Back in the mid-’90s, my research focused on desktop operating systems. There was a plethora of options for IT organisations, with Mac OS, Windows in the guise of NT and 95, and OS/2 Warp all vying for the attention of IT managers. Even Unix workstation vendors had thoughts of moving beyond scientific and engineering applications to mainstream knowledge worker desktops.
But by the late ’90s, it felt as if I was doing the colour commentary for a horse race whose leader was out in front by 10 furlongs. Still, while it was clear to many that Microsoft was going to dominate the desktop, that didn’t stop some in IT from looking for alternatives.
Then a dark horse emerged. Many people now believe that Linux represents a viable alternative. Today, with mainstream hardware vendors like Dell offering Linux installations and some folks thinking a major shift is about to happen, it’s time to take another look at Linux on the desktop.
Unfortunately, despite major strides in recent years - notably the Ubuntu release - Linux still isn’t viable for most end-users or organisations.
Take a look, for example, at the Dell offering. When it was first announced, I asked company officials whether it was a mainstream product with full support. No, they said. The Linux machines were meant for enthusiasts who wanted a “no Windows” option. Users would still have to pay for the operating system - about $50 less than Windows, which was hardly a major saving - and significant features would be missing because of a lack of driver support.
In short, even though Linux has come a long way in the past few years, it hasn’t come far enough. The latest and greatest hardware still arrives without Linux driver support. Until a vendor is willing to take a gamble and build fully optimised Linux systems, most IT shops simply won’t bother to make the costly transition.
And cost is the hidden factor. While much is made of Linux’s being free, the truth is that software costs account for only about 10 percent of total cost of ownership for PCs.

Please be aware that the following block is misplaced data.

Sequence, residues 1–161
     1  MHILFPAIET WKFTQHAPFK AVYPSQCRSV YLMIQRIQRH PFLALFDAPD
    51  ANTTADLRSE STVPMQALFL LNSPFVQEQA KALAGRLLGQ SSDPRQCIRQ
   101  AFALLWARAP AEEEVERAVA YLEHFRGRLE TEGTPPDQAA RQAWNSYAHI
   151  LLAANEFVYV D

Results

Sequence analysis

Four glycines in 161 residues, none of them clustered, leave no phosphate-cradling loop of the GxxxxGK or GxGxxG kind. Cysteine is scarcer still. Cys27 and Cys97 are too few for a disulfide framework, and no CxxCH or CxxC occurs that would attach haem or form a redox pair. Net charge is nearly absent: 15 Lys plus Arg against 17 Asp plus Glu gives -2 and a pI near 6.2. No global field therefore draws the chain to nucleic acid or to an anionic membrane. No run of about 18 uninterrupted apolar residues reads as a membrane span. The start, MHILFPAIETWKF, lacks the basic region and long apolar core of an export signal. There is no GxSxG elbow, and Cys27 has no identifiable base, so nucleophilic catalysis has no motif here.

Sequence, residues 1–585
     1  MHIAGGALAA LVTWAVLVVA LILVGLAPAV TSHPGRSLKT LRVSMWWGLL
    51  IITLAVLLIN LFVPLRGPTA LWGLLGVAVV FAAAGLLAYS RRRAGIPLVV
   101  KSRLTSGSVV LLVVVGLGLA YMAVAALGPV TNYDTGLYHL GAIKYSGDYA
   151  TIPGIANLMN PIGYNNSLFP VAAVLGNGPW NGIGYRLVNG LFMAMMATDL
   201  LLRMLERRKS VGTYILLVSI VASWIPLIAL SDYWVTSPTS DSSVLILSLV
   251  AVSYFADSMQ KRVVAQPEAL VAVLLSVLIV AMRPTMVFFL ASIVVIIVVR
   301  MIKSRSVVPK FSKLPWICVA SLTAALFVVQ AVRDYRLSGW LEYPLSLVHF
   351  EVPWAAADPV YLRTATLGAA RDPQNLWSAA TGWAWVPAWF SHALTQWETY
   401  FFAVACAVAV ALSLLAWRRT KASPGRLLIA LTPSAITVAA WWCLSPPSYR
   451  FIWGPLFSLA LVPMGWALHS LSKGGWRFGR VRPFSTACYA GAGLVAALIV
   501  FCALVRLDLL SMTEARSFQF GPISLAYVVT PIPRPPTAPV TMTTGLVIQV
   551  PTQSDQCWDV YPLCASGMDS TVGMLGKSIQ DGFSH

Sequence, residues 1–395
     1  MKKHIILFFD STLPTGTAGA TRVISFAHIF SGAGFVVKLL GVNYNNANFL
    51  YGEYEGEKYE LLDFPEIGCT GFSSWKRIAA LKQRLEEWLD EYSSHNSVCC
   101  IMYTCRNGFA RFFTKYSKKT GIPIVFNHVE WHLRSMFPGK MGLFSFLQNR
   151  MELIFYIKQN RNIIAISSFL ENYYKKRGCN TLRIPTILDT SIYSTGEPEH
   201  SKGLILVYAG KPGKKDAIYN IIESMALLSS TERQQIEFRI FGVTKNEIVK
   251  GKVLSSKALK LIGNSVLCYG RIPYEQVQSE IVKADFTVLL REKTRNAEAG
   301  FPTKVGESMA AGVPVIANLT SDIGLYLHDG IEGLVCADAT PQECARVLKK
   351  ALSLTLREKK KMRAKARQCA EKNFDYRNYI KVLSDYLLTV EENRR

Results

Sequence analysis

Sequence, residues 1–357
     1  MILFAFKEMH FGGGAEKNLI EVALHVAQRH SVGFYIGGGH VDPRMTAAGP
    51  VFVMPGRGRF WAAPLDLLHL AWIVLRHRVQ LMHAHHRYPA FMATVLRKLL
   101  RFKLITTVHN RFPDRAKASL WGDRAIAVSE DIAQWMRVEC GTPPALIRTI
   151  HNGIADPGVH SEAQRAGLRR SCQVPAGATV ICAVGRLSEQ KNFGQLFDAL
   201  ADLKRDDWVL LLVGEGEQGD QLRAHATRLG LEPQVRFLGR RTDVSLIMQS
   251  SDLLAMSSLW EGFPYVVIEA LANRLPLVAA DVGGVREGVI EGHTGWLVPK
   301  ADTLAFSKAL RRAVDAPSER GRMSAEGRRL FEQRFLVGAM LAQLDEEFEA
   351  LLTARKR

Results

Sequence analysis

Finally, there’s the lack of critical application support. Most notable for businesses is the lack of support for Microsoft Office. Yes, there are office suites available for Linux, but the reality is that most organisations are dependent on Microsoft’s applications. Anything with less than 100 percent interoperability and compatibility isn’t going to make it in the business world. And does anyone believe that Microsoft will ship a Linux version of Office anytime soon? Or ever?
And it’s not just business users who are affected. Sorry, consumers, but there’s no version of iTunes for Linux.
So, the search for an alternative to Microsoft on the desktop continues. The fact that a mainstream hardware vendor like Dell is willing to make a Linux effort is laudable, but until such offerings enter the mainstream, we’ll have a catch-22 situation in which vendors wait for users to adopt and users wait for vendors to deliver.
For now and the foreseeable future, it’s going to remain a Microsoft world. Linux still isn’t the answer. And of course, there is always that other Unix-based operating system that has gained popularity over the past few years. It’s called Mac OS X, and it comes from Apple.
Michael Gartenberg is vice president and research director for the personal technology and access and custom research groups at JupiterResearch in New York.